You don’t need Gartner to tell you that the e-Discovery marketplace is volatile and overcrowded, with new vendors entering as others merge. But it did anyway. In its first Magic Quadrant for e-Discovery Software report, Gartner apprises us of the challenges, trends and prospects for the e-Discovery industry.
In its report, Gartner says that there are two key factors inspiring growth within eDiscovery: An increase in civil litigation, criminal prosecutions and regulatory oversight; and the need for associated communications to be preserved for discovery. Combined, these two drivers lead Gartner to forecast a five-year compound annual growth rate (CAGR) of approximately 14%, which means the total should reach $1.5 billion in 2013. Not too shabby.
Magic Quadrant: What It is, How It Works
This Magic Quadrant for e-Discovery aims to help CIOs, general counsel, IT professionals, attorneys, compliance staff and legal service providers understand the dynamics and landscape of the market for e-Discovery software.
To be included in this Magic Quadrant, a vendor must sell enterprise software licenses, a software appliance, or SaaS conforming to Gartner’s definition of SaaS. As well, vendors must also address at least one of three broad functional areas, relating to the EDRM, that Gartner chose to reflect the overlapping wants and needs of e-Discovery users, including left and right sides of the EDRM model, and information management. Vendors with end-to-end EDRM processes are also included.
Generally speaking, each qualifying vendor was evaluated for a plethora of offerings. From customer experience to sales and pricing to product service and track record, the results are plotted across quadrants, where the x-axis represent the completeness of the vision, while the y-axis represents an ability to execute. In the end, vendors fit into four personas: Challengers, Leaders, Visionaries and Niche Players.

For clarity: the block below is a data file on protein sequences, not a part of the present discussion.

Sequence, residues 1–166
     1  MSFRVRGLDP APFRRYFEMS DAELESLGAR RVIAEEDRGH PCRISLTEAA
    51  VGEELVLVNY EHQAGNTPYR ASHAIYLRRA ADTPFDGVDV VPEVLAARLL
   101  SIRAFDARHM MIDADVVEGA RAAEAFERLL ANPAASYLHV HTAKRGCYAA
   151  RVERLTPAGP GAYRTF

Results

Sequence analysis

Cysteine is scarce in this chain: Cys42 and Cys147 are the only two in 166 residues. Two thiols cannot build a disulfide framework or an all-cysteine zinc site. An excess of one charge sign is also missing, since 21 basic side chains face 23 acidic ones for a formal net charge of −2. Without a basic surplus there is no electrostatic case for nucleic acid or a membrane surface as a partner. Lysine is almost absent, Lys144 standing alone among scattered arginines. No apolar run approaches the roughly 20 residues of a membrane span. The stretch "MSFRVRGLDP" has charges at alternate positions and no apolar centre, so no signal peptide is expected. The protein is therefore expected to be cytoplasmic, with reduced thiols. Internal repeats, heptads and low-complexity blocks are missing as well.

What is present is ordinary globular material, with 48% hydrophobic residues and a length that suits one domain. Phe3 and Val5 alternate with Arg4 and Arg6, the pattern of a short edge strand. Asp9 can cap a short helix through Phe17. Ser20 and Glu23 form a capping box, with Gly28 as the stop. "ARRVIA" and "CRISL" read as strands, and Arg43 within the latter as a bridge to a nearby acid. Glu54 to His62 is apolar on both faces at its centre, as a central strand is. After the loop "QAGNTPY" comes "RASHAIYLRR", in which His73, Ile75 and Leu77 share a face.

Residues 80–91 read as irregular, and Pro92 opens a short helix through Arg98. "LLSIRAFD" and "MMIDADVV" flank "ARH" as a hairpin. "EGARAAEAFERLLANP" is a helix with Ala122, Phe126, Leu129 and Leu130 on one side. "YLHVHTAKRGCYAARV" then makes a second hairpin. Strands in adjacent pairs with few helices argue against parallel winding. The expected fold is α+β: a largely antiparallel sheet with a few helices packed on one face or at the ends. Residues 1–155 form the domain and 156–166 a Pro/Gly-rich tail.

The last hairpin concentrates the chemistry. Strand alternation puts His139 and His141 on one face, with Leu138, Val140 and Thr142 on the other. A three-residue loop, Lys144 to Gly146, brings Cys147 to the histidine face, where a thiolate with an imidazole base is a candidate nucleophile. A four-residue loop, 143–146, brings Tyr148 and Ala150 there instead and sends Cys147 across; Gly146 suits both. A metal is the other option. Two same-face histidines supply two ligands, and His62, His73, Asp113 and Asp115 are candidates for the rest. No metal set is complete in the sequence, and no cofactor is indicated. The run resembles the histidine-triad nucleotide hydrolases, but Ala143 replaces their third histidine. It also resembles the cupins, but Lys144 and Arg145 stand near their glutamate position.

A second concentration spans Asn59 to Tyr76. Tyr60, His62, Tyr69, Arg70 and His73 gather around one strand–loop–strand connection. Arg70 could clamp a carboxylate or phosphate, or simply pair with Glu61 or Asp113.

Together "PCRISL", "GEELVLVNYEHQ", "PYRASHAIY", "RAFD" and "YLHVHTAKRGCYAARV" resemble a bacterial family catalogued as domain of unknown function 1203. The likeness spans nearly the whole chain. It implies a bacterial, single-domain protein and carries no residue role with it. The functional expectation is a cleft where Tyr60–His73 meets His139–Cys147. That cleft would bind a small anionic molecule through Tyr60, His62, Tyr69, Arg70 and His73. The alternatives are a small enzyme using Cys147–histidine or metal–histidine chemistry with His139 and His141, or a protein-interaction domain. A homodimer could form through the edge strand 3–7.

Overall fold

Leaders demonstrate an ability to understand the overall market’s direction and have anticipated it correctly. As a result, their software not only meet the needs of enterprise customers and are easy to use, but also include an ability to perform litigation holds, collection of data with metadata preservation, connectors to email, email archiving, file shares and Microsoft SharePoint.
To be qualified as a leader, a company doesn’t necessarily have to boast a platform or a full suite of e-Discovery offerings. The leaders in this year’s Magic Quadrant are Autonomy, Clearwell Systems, FTI Technology, Guidance Software and kCura.
It’s not hard to have a vision, so there are many companies included within this category. Unlike challengers, visionaries often introduce new technology, services and business models, but they may need to improve their financial strength, service and support and build sales and distribution channels. The likelihood of them becoming challengers or leaders depends on how well they can execute these new technologies.
As in most industries, a niche player may fit your requirements perfectly, even if they are not representative of others’ needs. Gartner identied Daegis, Epiq Systems, Integreon, Iron Mountain, Kroll Ontrack and Xerox Litigation Services as niche players because they fill a void and solve specific problems for a specific industry, such as offering processing, review and analysis for law firms or service providers.
The biggest challenges for vendors in the niche players quadrant are remaining cost-effective and providing terms and conditions favorable within the enterprise.
Why Does the Magic Quadrant for e-Discovery Matter?
Because it is the first of its kind to address and evaluate e-Discovery, it may not be entirely clear how this report can affect the marketplace. While we’ve been talking about e-Discovery for years, it has only begun to reach its tipping point within the enterprise. Perched at the intersection of new media and compliance, the need for all electronically stored information to be archived for proof of compliance becomes relevant for every company, of every size, pushing e-Discovery solutions to the forefront.
The Magic Quadrant aims to help companies pick the best solution for their needs, while it allows vendors to position themselves in the right space. If aligned correctly, it will help streamline the decision process.